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Submission Fighting and the Rules of Ancient Greek Wrestling (Pale)- Christopher Miller

Submission Fighting and the Rules of Ancient Greek Wrestling (Pale)- Christopher Miller

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Published by chef_samurai
Ancient Greek Pale (wrestling) rules & experimentation book with some insight into ancient greek martial arts.
Ancient Greek Pale (wrestling) rules & experimentation book with some insight into ancient greek martial arts.

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Published by: chef_samurai on Mar 25, 2012
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Submission Fighting and the Rules of Ancient GreekWrestling
By Christopher Miller
Submission Fighting and the Rules of Ancient Greek Wrestling
By Christopher MillerThe Ancient Greek sports are remarkable in human history and instructive tothose interested in promoting athletics due to their recorded longevity of more than amillennium, their high levels of participation amongst the people of the time, and thegreat degree of enthusiasm clearly demonstrated for these sports through period artwork and through remunerations for victorious athletes. The Ancient Greek sports alsoproduced the rare example of the professional sports-player. Interestingly enough thereare examples of female participation in the sports primarily in wrestling and the foot andhippic races, showing thereby the universal appeal of these games. Athenaeus writes,
e)n Xi/w| de\ th|~ nh/sw| kai\ badi/zein h(/disto/n e)stine)pi\ ta\ gumva/sia kai\ tou\v dro/mouv kai\ o(ra~nprospalai/ontav tou\v ne/ouv tai~v ko/raiv.
’ (Athenaeus. TheDeipnosophists. XIII. 566e.) ‘On the island Chios the most pleasant thing is to walk overto the gymnasiums and running-tracks and to watch the young men wrestling with thegirls.’ It is therefore of great use to us to discover the precise nature of these sports andthereby learn the world’s most enduring and popular models of athletics.
Greek Athletic Culture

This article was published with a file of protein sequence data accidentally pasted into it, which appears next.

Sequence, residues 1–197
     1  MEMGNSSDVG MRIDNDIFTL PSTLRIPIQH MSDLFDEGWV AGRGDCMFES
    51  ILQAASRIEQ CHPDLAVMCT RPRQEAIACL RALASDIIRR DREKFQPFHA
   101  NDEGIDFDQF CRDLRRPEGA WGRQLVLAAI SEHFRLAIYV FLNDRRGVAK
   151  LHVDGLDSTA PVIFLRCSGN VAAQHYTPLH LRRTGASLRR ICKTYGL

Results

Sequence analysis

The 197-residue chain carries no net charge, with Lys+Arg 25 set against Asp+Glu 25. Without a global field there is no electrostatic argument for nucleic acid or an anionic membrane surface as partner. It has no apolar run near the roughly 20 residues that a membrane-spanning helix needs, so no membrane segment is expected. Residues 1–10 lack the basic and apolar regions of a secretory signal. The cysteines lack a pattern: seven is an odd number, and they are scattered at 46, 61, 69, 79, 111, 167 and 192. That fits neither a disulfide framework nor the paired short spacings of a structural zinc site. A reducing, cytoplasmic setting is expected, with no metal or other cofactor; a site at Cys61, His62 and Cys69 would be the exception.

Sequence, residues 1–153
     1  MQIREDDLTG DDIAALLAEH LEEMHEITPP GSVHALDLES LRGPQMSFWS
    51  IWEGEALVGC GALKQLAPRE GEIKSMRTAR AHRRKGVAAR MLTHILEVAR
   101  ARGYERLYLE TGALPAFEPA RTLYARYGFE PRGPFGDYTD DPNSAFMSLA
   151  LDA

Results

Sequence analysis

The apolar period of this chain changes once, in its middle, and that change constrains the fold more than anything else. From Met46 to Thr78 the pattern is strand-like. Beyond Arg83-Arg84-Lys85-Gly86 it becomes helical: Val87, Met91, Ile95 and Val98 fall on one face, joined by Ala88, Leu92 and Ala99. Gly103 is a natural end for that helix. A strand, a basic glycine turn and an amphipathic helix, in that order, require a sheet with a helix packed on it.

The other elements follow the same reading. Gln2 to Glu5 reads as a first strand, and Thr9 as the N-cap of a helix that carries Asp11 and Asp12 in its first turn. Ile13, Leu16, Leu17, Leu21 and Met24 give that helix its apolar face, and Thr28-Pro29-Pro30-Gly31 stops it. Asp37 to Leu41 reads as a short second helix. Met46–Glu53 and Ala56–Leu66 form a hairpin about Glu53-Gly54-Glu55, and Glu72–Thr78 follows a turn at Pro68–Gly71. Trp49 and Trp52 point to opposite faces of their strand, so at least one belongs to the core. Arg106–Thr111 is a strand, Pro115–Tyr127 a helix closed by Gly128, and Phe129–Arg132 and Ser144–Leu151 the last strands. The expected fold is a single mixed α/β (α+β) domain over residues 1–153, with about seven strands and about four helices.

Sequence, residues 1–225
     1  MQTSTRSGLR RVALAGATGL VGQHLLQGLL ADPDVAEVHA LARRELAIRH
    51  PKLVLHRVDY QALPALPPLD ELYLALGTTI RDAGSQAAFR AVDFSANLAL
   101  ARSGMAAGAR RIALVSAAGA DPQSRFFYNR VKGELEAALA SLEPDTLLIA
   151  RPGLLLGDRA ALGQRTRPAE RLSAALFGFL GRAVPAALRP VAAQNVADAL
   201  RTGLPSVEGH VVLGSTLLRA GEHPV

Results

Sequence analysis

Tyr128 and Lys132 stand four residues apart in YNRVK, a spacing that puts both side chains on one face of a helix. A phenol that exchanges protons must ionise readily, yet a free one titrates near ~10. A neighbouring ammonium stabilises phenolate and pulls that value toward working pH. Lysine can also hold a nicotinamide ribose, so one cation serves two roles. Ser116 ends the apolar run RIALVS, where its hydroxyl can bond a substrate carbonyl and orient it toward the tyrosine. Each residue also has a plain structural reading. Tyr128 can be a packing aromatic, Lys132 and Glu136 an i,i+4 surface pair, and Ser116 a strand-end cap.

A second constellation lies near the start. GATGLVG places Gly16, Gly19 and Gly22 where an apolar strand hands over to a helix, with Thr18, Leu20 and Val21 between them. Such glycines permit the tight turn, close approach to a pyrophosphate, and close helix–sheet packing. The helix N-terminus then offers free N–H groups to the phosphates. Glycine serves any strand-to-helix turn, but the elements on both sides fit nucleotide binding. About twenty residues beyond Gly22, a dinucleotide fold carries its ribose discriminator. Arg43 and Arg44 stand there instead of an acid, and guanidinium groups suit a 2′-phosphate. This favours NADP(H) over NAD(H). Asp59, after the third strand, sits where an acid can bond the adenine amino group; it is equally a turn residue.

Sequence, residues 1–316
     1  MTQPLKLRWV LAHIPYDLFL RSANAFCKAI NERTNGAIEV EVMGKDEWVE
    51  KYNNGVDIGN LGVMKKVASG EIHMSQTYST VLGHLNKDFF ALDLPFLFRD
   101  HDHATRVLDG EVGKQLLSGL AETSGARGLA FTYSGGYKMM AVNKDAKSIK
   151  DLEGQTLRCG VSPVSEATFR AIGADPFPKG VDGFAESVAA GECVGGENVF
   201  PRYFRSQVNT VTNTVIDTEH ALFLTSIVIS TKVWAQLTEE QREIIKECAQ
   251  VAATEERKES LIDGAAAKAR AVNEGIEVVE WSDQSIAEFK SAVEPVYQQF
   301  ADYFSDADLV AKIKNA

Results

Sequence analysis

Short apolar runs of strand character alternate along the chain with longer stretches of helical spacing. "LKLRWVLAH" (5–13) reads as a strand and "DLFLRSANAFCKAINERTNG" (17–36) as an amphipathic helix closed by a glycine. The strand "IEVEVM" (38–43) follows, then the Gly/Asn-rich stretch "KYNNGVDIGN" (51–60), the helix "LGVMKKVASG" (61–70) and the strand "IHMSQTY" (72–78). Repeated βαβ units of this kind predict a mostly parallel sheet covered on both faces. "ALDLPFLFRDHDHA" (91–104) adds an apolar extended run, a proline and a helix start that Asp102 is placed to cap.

The most highly respected Ancient Greek sports were individual, not team, events.This is not to say that there were not team games played, usually involving balls of various kinds, but these team games were not given the honour of the individual events.This prejudice in favour of individual achievement likely lies in a deeply ingrainedelement of Greek culture involving the highly self-conscious sense of personal identityreflected and immortalized in the poems of Homer. Thus the acquisition of personalhonour and the risks one takes when setting one’s honour on the line in competitions withothers produced a great deal of excitement in the minds of the Ancient Hellenes. Successin sports not only, by the very nature of the skills involved, reflected military prowessthereby granting the victor prestige in a society in need and in fear of fearsome warriorsbut also epitomized the struggle to assert one’s self over another and thereby todemonstrate the superiority of one’s own sense of identity over another’s.It is difficult for us to know from a participatory standpoint which sports were themost popular. Certainly from a spectatorial point of view the most popular sports werethe percussive combat events of boxing and the pankration and the noisy, fast pacedcompetitions of the hippodrome. Given the outlines of Vitruvius for a Greek palaestra,one might suspect that running and the combat sports were the most popular forparticipants. That the throwing and jumping events were thought less of can be seen intheir being lumped together into one competition: the Pentathlon. But the fact that theywere a recognized part of the Olympic programme also goes to show their relativeimportance in a world replete with all varieties of possible contests. The precise methodof the jumping contest in the Pentathlon aside, we are relatively well informed of whatwent on during training and while competing in the Greek sports. We can piece togetherhow contestants ran their races, how charioteers won their crowns, how boxers dealt theirblows and how pankratiasts pummeled their opponents. The rules of these events were2